At this time of year, there is a lot of focus on electronics and books as popular gift items. In this spirit, we have chosen something which combines the two to predict what reading may be like in the (near) future. This technology, developed by PredictGaze, could have a great impact on how enhanced e-books are developed and how we “read” e-books.
The title of the post comes from an article in Co.Design written by Mark Wilson on December 2001. Mark Wilson’s asks these intriguing questions,
What if you could move a cursor on your TV with just your eyes? Or turn the page of an ebook without using your hands? These are the promises of PredictGaze, what’s basically (and somewhat allegedly) a series of ingenious algorithms by a team of garage engineers. PredictGaze can work with the lousy webcam in your smartphone, tablet, or laptop, and even in low-light conditions, track your eyes and identify your face to enable all sorts of futuristic controls.
Check out the demo of the gaze enabled browser control:
Wilson’s Article continues,
[Another] demo shows the iPad scrolling through eye movements alone. What makes this impressive? It’s a lousy stock iPad camera. Another demo shows that, when a person walks away from the television, it automatically pauses. What makes this impressive? The software discerns between two users. (And incidentally, this same setup, running through a Macbook Pro roughly 10 feet away from the viewer, allowed the television to track eye movement with a cursor.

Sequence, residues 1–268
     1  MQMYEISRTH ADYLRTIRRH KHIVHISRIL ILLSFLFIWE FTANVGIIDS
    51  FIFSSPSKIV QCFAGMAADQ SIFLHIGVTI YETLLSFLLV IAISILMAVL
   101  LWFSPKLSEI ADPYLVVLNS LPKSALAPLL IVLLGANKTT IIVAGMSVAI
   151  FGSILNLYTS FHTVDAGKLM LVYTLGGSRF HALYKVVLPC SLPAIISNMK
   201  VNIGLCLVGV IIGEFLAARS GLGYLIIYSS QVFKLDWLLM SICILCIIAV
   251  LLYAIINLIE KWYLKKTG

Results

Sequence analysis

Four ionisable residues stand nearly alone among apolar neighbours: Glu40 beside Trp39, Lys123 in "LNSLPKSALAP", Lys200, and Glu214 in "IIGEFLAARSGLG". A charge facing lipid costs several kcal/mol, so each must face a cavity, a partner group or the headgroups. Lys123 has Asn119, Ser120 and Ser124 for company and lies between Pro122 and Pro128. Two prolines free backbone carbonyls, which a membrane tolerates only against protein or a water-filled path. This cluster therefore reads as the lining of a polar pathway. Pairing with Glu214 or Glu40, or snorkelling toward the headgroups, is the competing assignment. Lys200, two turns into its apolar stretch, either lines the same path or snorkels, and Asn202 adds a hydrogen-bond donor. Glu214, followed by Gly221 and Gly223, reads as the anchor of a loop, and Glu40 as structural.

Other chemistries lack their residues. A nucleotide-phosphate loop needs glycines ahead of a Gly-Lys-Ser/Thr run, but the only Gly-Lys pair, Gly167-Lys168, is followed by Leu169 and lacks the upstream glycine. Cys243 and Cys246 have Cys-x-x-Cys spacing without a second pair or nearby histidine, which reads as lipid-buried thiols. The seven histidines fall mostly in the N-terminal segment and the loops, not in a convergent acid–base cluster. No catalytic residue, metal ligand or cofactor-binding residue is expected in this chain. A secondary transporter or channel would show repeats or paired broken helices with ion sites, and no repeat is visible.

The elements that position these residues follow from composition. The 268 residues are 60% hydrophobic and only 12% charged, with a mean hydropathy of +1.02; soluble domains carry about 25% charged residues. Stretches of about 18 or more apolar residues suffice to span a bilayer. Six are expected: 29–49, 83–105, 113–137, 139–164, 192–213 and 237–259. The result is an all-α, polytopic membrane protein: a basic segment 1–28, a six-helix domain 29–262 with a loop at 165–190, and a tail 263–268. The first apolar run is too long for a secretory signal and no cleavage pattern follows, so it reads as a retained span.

Wilson also says,
No doubt, Kinect could handle eye tracking were its cameras higher resolution. And the Leap Motion has a lot of people newly enthusiastic about high-fidelity motion controls. But PredictGaze is pulling off all these stunts using stock platforms–stuff we all have in our hands, laps, and living rooms today–no special hardware required.
Mark Wilson’s article cites on one by Hamish McKenzie published on October 5, 2012 in PandoDaily. McKenzie writes,
PredictGaze is software that turns the camera on ordinary computing devices into a sophisticated eye-tracking technology. Reading a book on your iPad and want to turn the page? Just look down at the bottom right-hand corner. Watching a smart TV and want to see what’s on the other channel? Direct your gaze at a corner of the screen. Reading a long article on your iPhone? The story will scroll down as your eye moves down the page.
One of the critical advantages of this technology, McKenzie points out, is,
None of this requires any special equipment, and it works in changing light conditions, from a distance of 12 feet, and on shaky handheld devices that are constantly on the move.
So what does all this have to do with the book, specifically, the e- book? One of the hottest areas in technology today is UI, User Interface. The goal is to have the least amount of obstacles between the person and the data, whether it be clicks, tips (E-Readers and Tablets controlled by the tip of your finger), or thumbs, as in texting on smartphones. All of these have a number of obstacles. One of the most critical is that they all normally require two hands to operate. Thus, the user is completely tied to the device. With this new technology, even the touch screen will seem quaint.
Consider this idea:
We have written before about the e+ book Impressionist and Post Impressionist Painting produced by ArtePublishing and the Muse d’Orsay, one of the best enhanced e-books we’ve seen. His book has scalable reproductions of nearly 200 paintings by 26 artists, including such favorites as Manet, Monet, Renoir, and Van Gogh; over three hours of original audio information about the artists and their paintings; and more than 500 hyperlinks to some of the best sites on the Internet to learn more about the artists and their work. Imagine using this new technology with this book.